El Nino rains will not wash away Jubilee scandals


The weatherman must be feeling relieved to see the skies over Nairobi finally open, having had to contend with a cynical public questioning the credibility of his El Nino-linked rain forecasts in the past few weeks.

Well, the people at the Met are not the only ones who, conceivably, have had reason to look forward to the “above normal rains”.

You would imagine that President Uhuru Kenyatta and the other big shots in government have been saying silent prayers to the gods of the climate, too.

There is the small matter of the multibillion-shilling budget for the El Nino disaster preparedness and recovery plan that the cynics swear the government will have problems accounting for come rain or sunshine.

They look at how some officials recently fumbled trying to explain inflated prices of bar soaps and sanitary towels in that budget and see scandal clouds gathering above.

Of more immediate concern for Mr Kenyatta and his Jubilee government, however, has to be the unravelling scandals at the Treasury, the Devolution and Planning ministry and the National Youth Service (NYS).

As they say, when it rains, it pours.

The President and his deputy have in the past joked that they don’t read the newspapers and only use them to wrap meat.


But they surely must be sick to wake up every other morning to briefings by their aides that Eurobond, NYS and Waiguru are front page news again.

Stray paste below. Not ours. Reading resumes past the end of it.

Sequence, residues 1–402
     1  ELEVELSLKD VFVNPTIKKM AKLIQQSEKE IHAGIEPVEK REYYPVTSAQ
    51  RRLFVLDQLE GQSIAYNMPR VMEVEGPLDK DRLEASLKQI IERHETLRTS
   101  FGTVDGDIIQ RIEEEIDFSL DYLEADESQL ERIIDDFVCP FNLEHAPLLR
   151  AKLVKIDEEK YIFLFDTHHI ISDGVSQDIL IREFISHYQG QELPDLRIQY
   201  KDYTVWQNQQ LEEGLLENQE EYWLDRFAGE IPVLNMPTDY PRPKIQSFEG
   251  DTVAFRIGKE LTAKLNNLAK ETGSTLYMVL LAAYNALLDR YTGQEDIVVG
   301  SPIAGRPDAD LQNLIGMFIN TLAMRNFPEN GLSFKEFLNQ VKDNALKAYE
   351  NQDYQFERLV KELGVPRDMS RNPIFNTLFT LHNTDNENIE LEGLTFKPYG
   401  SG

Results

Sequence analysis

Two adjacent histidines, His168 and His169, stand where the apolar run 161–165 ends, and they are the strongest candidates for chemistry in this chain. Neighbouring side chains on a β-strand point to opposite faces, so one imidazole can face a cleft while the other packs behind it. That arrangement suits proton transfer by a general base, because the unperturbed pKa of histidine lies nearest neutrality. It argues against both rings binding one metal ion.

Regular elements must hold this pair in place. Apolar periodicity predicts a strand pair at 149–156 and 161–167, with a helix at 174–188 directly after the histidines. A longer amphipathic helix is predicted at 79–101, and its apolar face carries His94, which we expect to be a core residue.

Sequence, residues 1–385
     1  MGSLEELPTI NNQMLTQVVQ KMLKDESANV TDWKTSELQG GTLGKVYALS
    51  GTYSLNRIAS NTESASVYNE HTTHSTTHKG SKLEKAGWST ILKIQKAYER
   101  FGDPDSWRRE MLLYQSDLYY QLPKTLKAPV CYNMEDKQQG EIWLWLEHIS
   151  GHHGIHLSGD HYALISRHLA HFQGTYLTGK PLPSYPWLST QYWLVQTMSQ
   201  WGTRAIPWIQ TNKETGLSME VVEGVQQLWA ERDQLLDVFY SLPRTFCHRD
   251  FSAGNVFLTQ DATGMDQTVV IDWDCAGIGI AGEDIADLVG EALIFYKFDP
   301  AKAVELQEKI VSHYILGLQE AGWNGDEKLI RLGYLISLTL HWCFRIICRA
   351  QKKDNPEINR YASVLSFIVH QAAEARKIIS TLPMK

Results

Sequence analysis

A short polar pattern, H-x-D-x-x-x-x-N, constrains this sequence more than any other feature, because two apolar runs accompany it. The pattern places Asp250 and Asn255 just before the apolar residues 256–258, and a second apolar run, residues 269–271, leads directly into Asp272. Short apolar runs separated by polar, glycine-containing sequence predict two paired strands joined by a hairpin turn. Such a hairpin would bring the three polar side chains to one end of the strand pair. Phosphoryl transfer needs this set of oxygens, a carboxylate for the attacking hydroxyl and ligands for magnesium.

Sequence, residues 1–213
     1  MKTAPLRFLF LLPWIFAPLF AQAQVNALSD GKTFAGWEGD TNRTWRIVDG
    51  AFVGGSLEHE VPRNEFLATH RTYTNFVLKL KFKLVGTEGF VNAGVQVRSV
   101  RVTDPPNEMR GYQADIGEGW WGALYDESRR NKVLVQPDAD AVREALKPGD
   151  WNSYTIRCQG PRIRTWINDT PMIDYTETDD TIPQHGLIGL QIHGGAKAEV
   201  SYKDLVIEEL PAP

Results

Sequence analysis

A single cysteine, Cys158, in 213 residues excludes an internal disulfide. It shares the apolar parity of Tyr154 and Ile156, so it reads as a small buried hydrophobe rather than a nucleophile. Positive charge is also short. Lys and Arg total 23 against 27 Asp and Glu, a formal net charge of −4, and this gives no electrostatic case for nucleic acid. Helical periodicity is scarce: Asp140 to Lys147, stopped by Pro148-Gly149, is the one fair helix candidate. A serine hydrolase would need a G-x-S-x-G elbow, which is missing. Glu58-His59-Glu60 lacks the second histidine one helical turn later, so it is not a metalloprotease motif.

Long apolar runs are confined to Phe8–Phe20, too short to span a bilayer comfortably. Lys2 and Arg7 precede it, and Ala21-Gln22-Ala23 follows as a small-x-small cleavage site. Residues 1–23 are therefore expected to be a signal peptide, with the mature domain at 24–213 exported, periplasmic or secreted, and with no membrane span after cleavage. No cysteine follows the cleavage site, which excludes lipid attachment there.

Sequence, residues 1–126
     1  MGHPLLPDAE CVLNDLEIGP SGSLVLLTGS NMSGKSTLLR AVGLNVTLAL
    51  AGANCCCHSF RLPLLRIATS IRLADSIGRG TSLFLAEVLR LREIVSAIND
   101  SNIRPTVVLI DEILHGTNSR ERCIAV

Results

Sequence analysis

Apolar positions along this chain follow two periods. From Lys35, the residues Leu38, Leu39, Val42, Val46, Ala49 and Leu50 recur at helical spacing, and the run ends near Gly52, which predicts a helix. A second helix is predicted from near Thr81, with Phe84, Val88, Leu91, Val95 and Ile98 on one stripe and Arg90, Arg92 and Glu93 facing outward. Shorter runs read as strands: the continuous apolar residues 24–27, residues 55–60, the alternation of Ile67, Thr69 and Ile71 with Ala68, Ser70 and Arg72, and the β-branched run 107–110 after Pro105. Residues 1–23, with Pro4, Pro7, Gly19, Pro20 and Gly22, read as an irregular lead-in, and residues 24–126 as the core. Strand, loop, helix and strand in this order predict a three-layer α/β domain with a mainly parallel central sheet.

With Henry Rotich, the Treasury Cabinet Secretary, appearing to mix up his figures every time he opens his mouth and his Devolution counterpart Anne Waiguru effectively investigating herself, it looks like it will take nothing less than a real El Nino to replace the Eurobond and NYS scandals as headline news.

But every cloud has its silver lining, and Kenya’s democracy has quite a bit to gain from the robust public debate sparked by the latest scandals.

Indeed it has been a while since serious governance issues like accountability and transparency were given the kind of public attention they deserve and the protagonists approached the debate with so much maturity.

The standout performers for me have been the economist David Ndii and the Opposition Cord leader Raila Odinga.

Dr Ndii has in his regular column in the Saturday Nation taken to analysing and exposing the flaws in the figures the Jubilee government tends to throw at us to either paint a rosy picture of the economy or justify a wrong policy decision, like refusing to give teachers a pay increase awarded by the court.

For his part, Mr Odinga is seemingly listening to some good advisers and has lately chosen to engage his Jubilee rivals more on facts than rhetoric.

It is a small but significant victory for democracy in a country where important national issues are so often lost in the noise and theatrics of toxic political rallies.